The talent hunt is (still) on: 6 tips for hiring and retentionMary Bear Hughes
Remember those pre-2008 days, when competition for talent was so fierce we used military terms to describe it? Well, the “war for talent” never really went away: According to the head of the Society for Human Resource Management, it’s become “a way of life.”
Though current economic growth may be slower than in earlier recoveries, all of us in nonprofits are experiencing two colliding issues: (1) low unemployment, which always increases competition for the strongest talent, and (2) ever-increasing demand for compensation that is competitive, in money and benefits, with the for-profit sector.
Of course, these issues are more complex than that: It’s true that unemployment is not uniformly low across U.S. populations, and there is much work to be done in the areas of workforce equity and justice. Furthermore, even for-profit industries have not seen much wage growth, and many people who have jobs remain underemployed. In my position as an executive search consultant, I take these and many other factors into consideration when crafting a unique approach for each client’s talent hunt.
Nevertheless, we can examine the twin factors of an increasingly tight labor market and higher salary and benefits expectations to conclude that hiring the best talent isn’t easy, and retaining high performers is an equal challenge.
Here are four recommendations we make for greater success in this hiring environment:
Define your desired hiring outcomes, and stick doggedly to them. Identify the outcomes you want for each position you’re hiring. Do you want your hire to be highly skilled in the role on day one, or within six months? Do you want a hire who can move into a supervisory role within a year? Do you want someone who can help launch the initiative scheduled for 18 months from now? If you are disciplined about hiring for organizational outcomes in addition to service outcomes, and can be transparent about growth opportunities and job stability (without making guarantees!), you have a better opportunity to attract top candidates.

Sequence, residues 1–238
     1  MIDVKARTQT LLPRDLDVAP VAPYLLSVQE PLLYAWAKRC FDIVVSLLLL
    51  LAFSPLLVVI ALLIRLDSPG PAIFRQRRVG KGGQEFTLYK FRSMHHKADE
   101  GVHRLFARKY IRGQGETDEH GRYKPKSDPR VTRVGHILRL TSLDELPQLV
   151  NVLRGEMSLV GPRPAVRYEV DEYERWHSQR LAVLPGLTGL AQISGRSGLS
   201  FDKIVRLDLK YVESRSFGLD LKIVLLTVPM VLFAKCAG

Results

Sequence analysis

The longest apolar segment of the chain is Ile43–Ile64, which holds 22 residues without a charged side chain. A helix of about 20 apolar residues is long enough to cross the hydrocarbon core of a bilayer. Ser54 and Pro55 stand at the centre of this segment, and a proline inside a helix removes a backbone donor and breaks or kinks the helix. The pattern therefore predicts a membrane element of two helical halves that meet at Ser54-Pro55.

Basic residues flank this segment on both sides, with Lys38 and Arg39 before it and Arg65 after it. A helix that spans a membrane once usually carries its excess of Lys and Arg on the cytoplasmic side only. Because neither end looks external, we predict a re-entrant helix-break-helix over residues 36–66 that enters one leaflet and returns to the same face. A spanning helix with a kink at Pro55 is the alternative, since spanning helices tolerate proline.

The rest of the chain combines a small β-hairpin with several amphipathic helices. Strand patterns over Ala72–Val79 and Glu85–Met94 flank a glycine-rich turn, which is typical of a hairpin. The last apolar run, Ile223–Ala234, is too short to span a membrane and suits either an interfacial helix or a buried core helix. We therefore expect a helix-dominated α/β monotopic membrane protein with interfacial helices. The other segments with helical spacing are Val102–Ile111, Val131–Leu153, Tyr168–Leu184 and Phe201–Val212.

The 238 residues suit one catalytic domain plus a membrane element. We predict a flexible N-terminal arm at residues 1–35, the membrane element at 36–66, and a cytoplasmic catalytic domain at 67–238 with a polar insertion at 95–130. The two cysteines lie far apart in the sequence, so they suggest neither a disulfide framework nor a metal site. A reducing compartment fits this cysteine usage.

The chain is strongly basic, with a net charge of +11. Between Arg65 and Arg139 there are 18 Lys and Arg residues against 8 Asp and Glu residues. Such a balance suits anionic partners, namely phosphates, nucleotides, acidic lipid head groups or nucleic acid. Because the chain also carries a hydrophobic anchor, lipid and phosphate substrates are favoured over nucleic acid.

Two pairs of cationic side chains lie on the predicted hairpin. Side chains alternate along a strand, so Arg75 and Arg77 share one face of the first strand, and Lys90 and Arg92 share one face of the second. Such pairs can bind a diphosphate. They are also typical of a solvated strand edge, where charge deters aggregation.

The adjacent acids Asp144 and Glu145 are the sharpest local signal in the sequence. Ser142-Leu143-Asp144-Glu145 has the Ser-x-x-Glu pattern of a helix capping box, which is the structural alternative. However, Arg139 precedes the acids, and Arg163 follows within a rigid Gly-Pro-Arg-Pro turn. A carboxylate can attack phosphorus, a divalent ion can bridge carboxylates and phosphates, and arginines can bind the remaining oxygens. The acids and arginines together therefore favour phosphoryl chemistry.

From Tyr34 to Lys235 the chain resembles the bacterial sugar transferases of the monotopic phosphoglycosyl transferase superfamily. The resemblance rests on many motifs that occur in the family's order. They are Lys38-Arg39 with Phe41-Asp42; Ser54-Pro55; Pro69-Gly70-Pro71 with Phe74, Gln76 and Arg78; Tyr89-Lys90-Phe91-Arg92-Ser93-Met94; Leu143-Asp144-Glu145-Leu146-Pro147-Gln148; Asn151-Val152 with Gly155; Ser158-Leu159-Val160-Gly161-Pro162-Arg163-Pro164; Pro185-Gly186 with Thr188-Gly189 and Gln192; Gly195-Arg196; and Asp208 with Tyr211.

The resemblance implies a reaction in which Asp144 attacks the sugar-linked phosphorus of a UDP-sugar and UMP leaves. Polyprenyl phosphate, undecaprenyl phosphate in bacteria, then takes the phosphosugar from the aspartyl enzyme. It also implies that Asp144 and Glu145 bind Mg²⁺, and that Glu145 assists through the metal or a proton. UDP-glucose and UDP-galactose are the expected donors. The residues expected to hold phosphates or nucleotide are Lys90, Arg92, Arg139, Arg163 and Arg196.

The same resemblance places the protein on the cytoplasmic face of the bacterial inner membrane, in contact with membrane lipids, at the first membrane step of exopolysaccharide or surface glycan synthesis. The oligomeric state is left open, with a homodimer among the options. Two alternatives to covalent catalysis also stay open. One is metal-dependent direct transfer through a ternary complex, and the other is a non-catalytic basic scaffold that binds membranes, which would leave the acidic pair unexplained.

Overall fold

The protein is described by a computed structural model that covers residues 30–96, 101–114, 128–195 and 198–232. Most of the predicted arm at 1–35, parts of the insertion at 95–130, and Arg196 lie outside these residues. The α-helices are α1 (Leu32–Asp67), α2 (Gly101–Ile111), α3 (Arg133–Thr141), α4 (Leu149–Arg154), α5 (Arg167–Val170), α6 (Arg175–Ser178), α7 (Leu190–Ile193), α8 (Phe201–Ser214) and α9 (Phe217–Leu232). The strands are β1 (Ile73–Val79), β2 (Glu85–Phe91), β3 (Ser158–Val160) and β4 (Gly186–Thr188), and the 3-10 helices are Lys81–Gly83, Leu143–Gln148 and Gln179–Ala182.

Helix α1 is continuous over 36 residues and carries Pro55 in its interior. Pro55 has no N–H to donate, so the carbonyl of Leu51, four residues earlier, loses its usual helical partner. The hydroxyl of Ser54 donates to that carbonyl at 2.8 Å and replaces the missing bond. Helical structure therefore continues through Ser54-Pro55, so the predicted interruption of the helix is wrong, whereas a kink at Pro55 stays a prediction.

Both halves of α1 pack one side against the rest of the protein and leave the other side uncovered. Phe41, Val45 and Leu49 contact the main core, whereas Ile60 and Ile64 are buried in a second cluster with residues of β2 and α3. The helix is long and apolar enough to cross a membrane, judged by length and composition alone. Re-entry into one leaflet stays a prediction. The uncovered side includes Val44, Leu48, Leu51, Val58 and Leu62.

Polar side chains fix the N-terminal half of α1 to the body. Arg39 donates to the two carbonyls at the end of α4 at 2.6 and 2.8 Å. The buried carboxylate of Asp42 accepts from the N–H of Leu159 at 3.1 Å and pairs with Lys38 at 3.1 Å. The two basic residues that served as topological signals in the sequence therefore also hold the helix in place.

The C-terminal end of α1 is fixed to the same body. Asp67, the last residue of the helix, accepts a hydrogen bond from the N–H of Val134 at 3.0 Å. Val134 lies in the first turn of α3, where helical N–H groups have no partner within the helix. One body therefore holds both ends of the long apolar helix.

Develop a hiring process that reduces the risk of mistakes. Don’t hire alone, but instead put together a hiring team of at least two. The more desperate a hiring executive is, the more likely they are to gloss over important topics, so having a partner or committee provides valuable backup and alternate viewpoints. In interviews, don’t just ask a candidate what they did, but how they did it. The same applies to references: Asking specific questions about methods, not just accomplishments, will draw accurate responses from any reference. Consider interim hires to fill the gap while seeking a permanent replacement if finding the right person is difficult.
Build excitement for your key openings to reduce time-to-fill. Add pictures from programs and activities! Consider devoting the opening of your job description to the organizational goals and outcomes that this position contributes to. Use behavioral definitions for the capabilities you seek: The right candidates will be invigorated by the opportunity to use those skills and capabilities.
Develop on-hand talent as a way to limit outside hiring for mid- and upper-level positions. The first line of defense against losing talented employees is a culture of performance and leadership development that supports growth and reasonable risk-taking. Remember that developing people doesn’t have to involve expensive classes – 90 percent of adult learning takes place in on-the-job stretch assignments and active mentorship. Talk about the relatively low cost, and outsized reward, the next time you hear a leader say “I don’t have time to develop people.”
And two additional points about retention:
Compensation matters. Your employees are devoted to the cause, but they have bills to pay (including student loans), needs to save for (their children’s college, their own retirement), and everyday expenses that continue to rise. Benchmark compensation in your organization and establish a realistic plan for cash compensation: You might aim to reach the 70th percentile for each position in your organization over three years. Commit these goals to your strategic plan: They’re just as important as facilities and programs.
Consider the benefits options that we, as nonprofits, don’t always consider. As healthcare premiums rise, consider choosing a higher-deductible plan and at the same time establishing Health Savings Accounts to help employees fill the gap. Employers can save money on healthcare and still contribute to HSAs, as can employees, with pre-tax dollars, meaning that the pain of rising healthcare costs is shared (not heaped solely on organizations or employees). Consider also Flexible Spending Accounts that allow employees to accumulate their own pre-tax dollars to spend on child care, elder care, or other needs.
We’d like to know what’s working for you in attracting and retaining talent: Please share any smashing successes, noble attempts, intractable challenges, or burning questions with us at [email protected].
Mary Bear Hughes is now Managing Director at Bear Corbett Woodward & Moore Inc. and was a senior consultant for GCN's Nonprofit Consulting Group.